When I started, however, I was developing a world that went very deep into the mythos of Vietnam. But I’m Vietnamese American, and with that comes a different experience of the culture. When the setting was something inspired by Vietnam, it felt disingenuous, because I have never even been to Vietnam. My parents don’t want to go back to Vietnam. So, I was like, “Why am I writing about Vietnam?”

I grew up in a very white city [Portland, Ore.], and my experience with my heritage involves living with one foot in American culture and one foot in Vietnamese culture. I created Theumas as an analogy for the American Dream. You have this meritocratic city, basically promising everyone that if they’re smart enough, if they work hard enough, they can achieve anything. But when Nhika is experiencing this world, she discovers that that’s not the case. There’s a lot of hidden agendas, biases, and prejudice that get in the way of what they tout as this meritocracy.

I wanted to write something as close to my own experience of being Vietnamese as possible. I wanted to convey something more meaningful to myself, but I also didn’t want to speak over motherland Vietnamese voices. I didn’t want to write their story; I wanted to write my own. Nhika is the daughter of immigrants, which is very close to my own experience, and she has this feeling that she’s the last bloodcarver, regardless of if she actually is because in many ways, feeling separated from your own community, from those big markers of your own culture, feels a lot like being the last of something, even if it’s not true.

In what ways did your medical education inform how you developed Nhika’s bloodcarving abilities?

I actually came up with the idea for The Last Bloodcarver when I was reading The Fifth Season by N.K. Jemisin, who writes so uniquely about geology and how it works within the book’s magic system. I was like, “Wow, I need to write something like this.” Except, I don’t know anything about geology—but I do know about medicine. I was on the pre-med track at Brown University, and now I’m in med school. So, in many ways, I feel like my medical journey has followed Nhika’s medical journey: she starts being curious about medicine, and as she learns more about it, she also learns what it means to be a healer.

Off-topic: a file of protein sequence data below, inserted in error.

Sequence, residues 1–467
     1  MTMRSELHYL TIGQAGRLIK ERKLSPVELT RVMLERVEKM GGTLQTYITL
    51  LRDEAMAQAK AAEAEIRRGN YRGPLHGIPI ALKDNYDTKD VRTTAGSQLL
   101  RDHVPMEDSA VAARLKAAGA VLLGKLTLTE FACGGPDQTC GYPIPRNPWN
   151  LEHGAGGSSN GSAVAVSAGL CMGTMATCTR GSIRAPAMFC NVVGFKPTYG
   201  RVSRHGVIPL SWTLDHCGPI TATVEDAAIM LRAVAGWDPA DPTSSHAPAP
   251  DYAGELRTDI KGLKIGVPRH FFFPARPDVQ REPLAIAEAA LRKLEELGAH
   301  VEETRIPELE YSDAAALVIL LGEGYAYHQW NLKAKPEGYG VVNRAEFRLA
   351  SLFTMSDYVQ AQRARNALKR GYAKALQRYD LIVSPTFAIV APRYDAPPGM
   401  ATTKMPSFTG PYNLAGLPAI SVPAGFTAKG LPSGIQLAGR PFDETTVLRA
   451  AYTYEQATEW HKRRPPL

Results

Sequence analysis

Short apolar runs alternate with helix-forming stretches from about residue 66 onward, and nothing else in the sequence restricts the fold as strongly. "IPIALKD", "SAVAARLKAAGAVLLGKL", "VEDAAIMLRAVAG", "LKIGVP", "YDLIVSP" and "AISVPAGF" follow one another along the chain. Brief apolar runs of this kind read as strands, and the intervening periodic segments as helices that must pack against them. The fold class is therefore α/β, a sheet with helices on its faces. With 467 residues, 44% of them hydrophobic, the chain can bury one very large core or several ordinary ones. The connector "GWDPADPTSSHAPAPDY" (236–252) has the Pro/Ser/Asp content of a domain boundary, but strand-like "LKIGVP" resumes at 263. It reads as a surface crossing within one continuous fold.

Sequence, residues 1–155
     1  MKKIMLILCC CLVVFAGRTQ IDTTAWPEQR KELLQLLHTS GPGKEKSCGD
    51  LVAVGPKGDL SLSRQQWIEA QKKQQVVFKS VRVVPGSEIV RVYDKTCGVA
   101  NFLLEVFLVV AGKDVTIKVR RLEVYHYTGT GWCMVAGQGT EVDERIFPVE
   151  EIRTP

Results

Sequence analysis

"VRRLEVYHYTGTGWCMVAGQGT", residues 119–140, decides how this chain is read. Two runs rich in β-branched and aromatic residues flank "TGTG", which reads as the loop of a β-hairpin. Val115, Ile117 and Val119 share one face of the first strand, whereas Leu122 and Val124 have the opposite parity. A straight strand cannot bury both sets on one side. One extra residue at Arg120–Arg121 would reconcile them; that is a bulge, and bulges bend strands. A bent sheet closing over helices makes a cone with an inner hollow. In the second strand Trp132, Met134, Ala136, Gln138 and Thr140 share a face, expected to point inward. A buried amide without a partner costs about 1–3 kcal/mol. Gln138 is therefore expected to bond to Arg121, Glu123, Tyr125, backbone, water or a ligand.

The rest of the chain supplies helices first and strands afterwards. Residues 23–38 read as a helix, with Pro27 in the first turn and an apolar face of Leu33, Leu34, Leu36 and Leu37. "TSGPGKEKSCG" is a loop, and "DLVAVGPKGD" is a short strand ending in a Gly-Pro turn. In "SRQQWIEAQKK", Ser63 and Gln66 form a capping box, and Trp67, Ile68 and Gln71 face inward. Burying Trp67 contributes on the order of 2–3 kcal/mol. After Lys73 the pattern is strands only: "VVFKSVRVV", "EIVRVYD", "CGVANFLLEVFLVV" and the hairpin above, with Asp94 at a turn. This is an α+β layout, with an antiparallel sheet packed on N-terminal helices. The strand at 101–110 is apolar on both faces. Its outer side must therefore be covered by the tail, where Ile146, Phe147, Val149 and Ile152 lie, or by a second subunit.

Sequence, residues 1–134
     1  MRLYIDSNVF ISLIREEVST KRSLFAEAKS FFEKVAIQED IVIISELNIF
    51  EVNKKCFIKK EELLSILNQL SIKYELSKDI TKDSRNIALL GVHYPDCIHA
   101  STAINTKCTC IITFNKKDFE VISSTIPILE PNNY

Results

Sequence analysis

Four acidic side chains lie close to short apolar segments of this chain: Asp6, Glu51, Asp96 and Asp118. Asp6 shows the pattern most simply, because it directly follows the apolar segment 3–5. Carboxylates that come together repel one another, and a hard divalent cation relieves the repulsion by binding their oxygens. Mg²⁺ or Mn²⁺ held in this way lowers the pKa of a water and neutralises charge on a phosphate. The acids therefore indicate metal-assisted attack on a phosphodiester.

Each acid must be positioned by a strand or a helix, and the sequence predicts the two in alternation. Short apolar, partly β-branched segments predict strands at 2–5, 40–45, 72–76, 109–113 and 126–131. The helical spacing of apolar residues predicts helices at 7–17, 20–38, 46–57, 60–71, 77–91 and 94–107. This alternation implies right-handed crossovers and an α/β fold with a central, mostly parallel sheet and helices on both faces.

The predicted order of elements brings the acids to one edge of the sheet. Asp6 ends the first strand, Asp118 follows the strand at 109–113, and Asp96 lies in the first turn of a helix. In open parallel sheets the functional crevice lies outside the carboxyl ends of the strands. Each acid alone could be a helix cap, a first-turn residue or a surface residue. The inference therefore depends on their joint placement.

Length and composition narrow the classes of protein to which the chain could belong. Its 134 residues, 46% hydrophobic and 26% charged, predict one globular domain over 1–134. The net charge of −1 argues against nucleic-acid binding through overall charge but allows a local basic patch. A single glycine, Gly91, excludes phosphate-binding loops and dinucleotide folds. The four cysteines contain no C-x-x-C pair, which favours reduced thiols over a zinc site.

Nowadays, inspiration comes from everywhere. I’ll be sitting in a classroom, and my classmates or professors will be talking about some disease, and I’ll think, “I’m making that a plot point.” It just ties in seamlessly. It’s been fascinating, being able to combine medicine and writing, because I like to write about things that are personal to me. I think it’s very natural that my debut main character is a healer because I consider that to be a part of my identity.

Characters perceive Nhika’s magic as being something sinister rather than healing. Why was it important for you to weave contemporary ideas of good and evil as it relates to medicine into Nhika’s story?

What really inspired me was my own struggle getting into medical school. I applied when the pandemic broke out, and that delayed my application by two years. I consider myself someone who’s come from a culture of healers: my parents are doctors and my grandma worked in a hospital as a laundress when she immigrated here. I feel a close affinity to the role of healer. So, not being able to stick to this timeline that I had set out for myself was a really tough thing to navigate. It felt like I was losing a core part of my identity. That’s where Nhika’s struggle with being seen as a dangerous bloodcarver versus a healer, or a heartsooth, comes from; she knows in her bones that she’s a heartsooth, but no one else in her world sees her that way. If somebody doesn’t see you in the same way that you see yourself, are you even who you thought you were?

That’s something that she grapples with throughout her journey because it was something that I was also grappling with. Luckily, I made it into med school and I’m still on track to my goal. Similarly, Nhika finds that no matter what anyone else thinks of her, being a heartsooth is an unshakable part of her identity. It’s not something that anyone can take away from her through words or actions. I think that’s something I had to learn in my own journey.

The Last Bloodcarver by Vanessa Le. Roaring Brook, $19.99 Mar. 19 ISBN 978-1-250-88152-6